I’m starting off with a disclaimer. This blog is not about blaming schools. Most teachers care. They work hard and sacrifice much to help children learn. I know. I used to be a teacher. And I have friends and relatives who are teachers. Schools care about children learning to read. They make sure teachers spend appropriate amounts of time on that skill. But today’s teachers work in inclusive classrooms with many children. Some kids need more than the usual amount of time and attention. In the current economy, state and local governments struggle to provide teachers with additional resources to help with such students. Good, caring people are frustrated because they became teachers to make a difference by helping children learn. They know how important reading is – not just in school but throughout life.
It’s true that many children become basic readers without too much difficulty. Over time, and with sufficient exposure to print, they see enough words to identify patterns. But a shockingly low number of children become skilled readers. I looked at the 2016 4th grader reading performance in 58 countries. Those children took the 2016 Progress in International Reading Literacy Study (PIRLS). The US didn’t do so well, when compared to other countries. When I thought about how many activities require some amount of reading… well, results are results. If my child is not developing good, age-appropriate reading skills, trusting “the system” to come through in the end feels too risky.
But it is hard to know what to do. We parents are not the experts in this area, right? If we are not a teacher – or not a reading teacher – we may not feel qualified to do anything. So, we wait. And then one day we get that letter. Or that call. Or have that conversation during a parent-teacher conference. It’s tough to ignore the situation once that happens.
Too often, by the time we hear that our child is doing poorly – possibly even failing – he/she is already behind. And unless there is a learning disability diagnosis, accommodations are rarely available. Meanwhile our child continues falling behind. Month after month. Only now, unlike in the earlier school years, we see that poor reading doesn’t just affect one subject. By now, it is affecting lots of areas.
So, I decided to empower myself. It turned out that there were some very basic things I could do – both with my child who was having difficulties and younger ones who were not yet in school. I decided I wanted to help them be as ready as they could be to learn that important skill.
For my preschool children, I took some time each day to:
Have a conversation. Obviously, the specifics depend upon the child’s age. Any subject that will capture their interest for a few minutes will do – the important point is to talk to them and have them talk back to you. I must confess that it did take some thinking on my part – I was used to talking to them, but it usually involved giving instructions or telling them to stop doing something!
Play with sounds. Play rhyming word games. I started with giving them choices. I asked “What rhymes with cat? Is it fish or bat?” Once the kid could identify the correct word, I started making him/her come up with his/her own words: “Give me a word that rhymes with boat!” I’ll admit that sometimes the result wasn’t a “real” word – just something that sounded like it! Later, we switched to emphasizing the first sound of a simple word (like cat or hat). I’d say “Hhhhhhh -at.” My child had to listen and say the h sound back to me.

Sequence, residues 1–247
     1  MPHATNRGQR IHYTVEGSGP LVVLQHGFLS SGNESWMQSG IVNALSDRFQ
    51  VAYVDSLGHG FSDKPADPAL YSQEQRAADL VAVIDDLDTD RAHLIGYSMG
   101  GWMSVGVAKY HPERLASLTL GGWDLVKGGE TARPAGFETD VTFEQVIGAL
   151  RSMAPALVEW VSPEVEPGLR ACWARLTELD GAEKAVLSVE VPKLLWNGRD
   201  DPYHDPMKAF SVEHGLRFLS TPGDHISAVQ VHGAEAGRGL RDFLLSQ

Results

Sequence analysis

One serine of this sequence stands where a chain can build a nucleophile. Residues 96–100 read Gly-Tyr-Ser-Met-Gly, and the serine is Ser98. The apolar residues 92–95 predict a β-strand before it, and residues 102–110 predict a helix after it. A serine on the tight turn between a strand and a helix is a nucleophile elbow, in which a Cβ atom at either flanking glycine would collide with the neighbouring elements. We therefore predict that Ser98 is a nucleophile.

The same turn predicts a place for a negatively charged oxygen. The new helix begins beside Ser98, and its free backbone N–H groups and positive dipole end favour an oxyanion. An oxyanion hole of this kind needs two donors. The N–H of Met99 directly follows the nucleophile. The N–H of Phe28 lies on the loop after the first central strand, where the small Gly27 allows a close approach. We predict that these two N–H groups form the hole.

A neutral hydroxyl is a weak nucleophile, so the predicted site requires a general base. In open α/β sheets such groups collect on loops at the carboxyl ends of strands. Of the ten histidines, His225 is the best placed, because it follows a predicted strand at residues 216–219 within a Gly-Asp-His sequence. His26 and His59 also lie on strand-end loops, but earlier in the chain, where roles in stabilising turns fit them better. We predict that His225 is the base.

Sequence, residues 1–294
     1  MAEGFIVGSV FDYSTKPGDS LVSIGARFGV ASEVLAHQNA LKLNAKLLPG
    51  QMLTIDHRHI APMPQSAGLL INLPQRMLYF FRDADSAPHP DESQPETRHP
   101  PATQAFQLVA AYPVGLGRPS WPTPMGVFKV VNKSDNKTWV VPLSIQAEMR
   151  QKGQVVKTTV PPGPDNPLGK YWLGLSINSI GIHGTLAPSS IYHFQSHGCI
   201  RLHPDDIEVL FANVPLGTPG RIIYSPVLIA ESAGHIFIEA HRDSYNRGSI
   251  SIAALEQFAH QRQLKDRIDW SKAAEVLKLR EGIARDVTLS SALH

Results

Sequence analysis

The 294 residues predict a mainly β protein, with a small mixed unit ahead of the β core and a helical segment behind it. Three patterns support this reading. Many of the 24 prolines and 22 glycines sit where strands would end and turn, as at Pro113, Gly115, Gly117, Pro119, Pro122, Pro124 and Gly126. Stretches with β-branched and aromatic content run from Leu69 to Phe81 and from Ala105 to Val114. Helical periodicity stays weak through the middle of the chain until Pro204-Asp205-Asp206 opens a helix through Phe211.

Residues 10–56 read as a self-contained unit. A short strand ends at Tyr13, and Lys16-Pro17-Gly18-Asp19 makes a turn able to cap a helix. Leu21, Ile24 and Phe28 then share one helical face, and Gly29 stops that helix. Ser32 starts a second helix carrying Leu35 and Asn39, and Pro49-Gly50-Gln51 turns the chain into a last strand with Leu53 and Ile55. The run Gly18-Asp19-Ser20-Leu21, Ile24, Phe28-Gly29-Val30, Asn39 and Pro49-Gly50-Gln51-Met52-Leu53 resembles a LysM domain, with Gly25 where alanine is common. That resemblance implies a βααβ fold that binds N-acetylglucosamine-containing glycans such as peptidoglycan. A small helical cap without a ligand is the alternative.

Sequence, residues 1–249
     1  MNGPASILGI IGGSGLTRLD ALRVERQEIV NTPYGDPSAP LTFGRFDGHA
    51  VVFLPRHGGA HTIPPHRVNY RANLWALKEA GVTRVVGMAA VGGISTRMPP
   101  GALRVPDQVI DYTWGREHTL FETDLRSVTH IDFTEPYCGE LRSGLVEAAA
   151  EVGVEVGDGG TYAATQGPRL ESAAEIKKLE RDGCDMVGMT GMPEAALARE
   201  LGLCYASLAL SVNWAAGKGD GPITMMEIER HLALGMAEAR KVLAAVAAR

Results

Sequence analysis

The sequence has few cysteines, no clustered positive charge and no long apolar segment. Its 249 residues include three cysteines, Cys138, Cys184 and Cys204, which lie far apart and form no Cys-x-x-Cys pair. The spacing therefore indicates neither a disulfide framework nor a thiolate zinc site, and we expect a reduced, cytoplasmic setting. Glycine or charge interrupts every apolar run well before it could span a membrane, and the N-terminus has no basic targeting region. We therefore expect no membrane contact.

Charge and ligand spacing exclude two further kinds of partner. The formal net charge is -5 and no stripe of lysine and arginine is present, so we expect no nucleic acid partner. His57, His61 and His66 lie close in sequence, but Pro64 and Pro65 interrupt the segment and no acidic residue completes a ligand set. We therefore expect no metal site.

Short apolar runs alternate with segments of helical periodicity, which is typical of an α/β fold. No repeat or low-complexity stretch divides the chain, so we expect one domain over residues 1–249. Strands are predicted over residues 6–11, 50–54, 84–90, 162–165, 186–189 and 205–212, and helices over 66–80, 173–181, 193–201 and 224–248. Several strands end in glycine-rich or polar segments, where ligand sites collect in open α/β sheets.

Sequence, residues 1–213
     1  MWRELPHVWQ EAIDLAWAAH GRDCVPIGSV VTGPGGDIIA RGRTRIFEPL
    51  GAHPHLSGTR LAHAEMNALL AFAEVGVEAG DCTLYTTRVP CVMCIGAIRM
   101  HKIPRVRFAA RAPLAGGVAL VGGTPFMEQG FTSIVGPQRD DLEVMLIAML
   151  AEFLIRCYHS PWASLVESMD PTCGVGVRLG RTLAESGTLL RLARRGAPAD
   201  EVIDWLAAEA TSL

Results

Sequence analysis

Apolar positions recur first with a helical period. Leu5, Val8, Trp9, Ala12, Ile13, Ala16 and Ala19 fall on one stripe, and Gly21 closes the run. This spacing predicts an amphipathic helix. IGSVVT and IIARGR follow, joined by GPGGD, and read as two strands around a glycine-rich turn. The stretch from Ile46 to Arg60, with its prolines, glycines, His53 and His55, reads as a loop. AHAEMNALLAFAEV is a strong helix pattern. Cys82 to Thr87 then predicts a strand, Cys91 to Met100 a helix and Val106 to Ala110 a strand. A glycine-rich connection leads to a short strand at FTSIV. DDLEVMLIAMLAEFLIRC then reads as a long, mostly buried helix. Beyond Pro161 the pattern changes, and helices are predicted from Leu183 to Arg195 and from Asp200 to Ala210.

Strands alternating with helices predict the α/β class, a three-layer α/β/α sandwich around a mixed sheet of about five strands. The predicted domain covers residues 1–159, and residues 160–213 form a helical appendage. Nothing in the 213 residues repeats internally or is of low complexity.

Read lots of books aloud. I’d run my finger under each word as I said it. I wanted my child to see that when I saw this group of letters, a word came out of my mouth. I tried to make reading a special time. Sometimes I would play games with a favorite book (like How the Grinch Stole Christmas) by reading most of a sentence and having someone else fill in the last word or two. Or we’d count the number of words in a sentence. Or draw a picture of what that the story was about.
Teach the names of the alphabet letters. I started with capital letters and then moved to lower case. I used cards, magnetic letters, even apps on my kindle. When my kids knew the letters in order, I started mixing them up. When they got really good, I started asking questions like, “What letter comes after t?” My goal was for them to be able to tell me without having to start saying the alphabet from the beginning.
Teach the sounds associated with each letter. It’s important to be sure you are saying the sounds correctly. I was taught to read using phonics and discovered as an adult that there were a few I wasn’t saying correctly. Before beginning this step, I found it helpful to be sure I was saying the sound for each letter properly. I found this link to be very helpful in saying alphabet sounds correctly
Once I had done this a few times, it was easy to incorporate these activities into my day. It didn’t take long with my preschool kids – maybe 15 – 20 minutes each day. And I could break it up so it wasn’t done in one long block of time. We talked and played rhyming games in the car. Books were a before bed activity (what child doesn’t look for ways to stay up a bit later?).
My school-aged child needed some different strategies. Here are some of the things I did. I:
- Developed a relationship with my child’s teacher. I explained that I was very interested in my child’s progress. I wanted to support the work in the classroom and help my child. I didn’t want the report card to be a shock but rather like a (good) job performance evaluation. It tells you what you already know in terms of successes and challenges. That approach usually worked.
- Asked my child to read aloud to me. I paid attention when my children refused to read aloud. Children who struggle with reading usually hate to be asked to do that. We started with grade-level books to get an idea of his/her ability. Depending upon how he/she was doing, we switched to easier or harder books if the reading level was wrong. I wanted the time together to be fun, so we took turns reading pages and started with books that he/she found interesting. It just took about 5 – 10 minutes.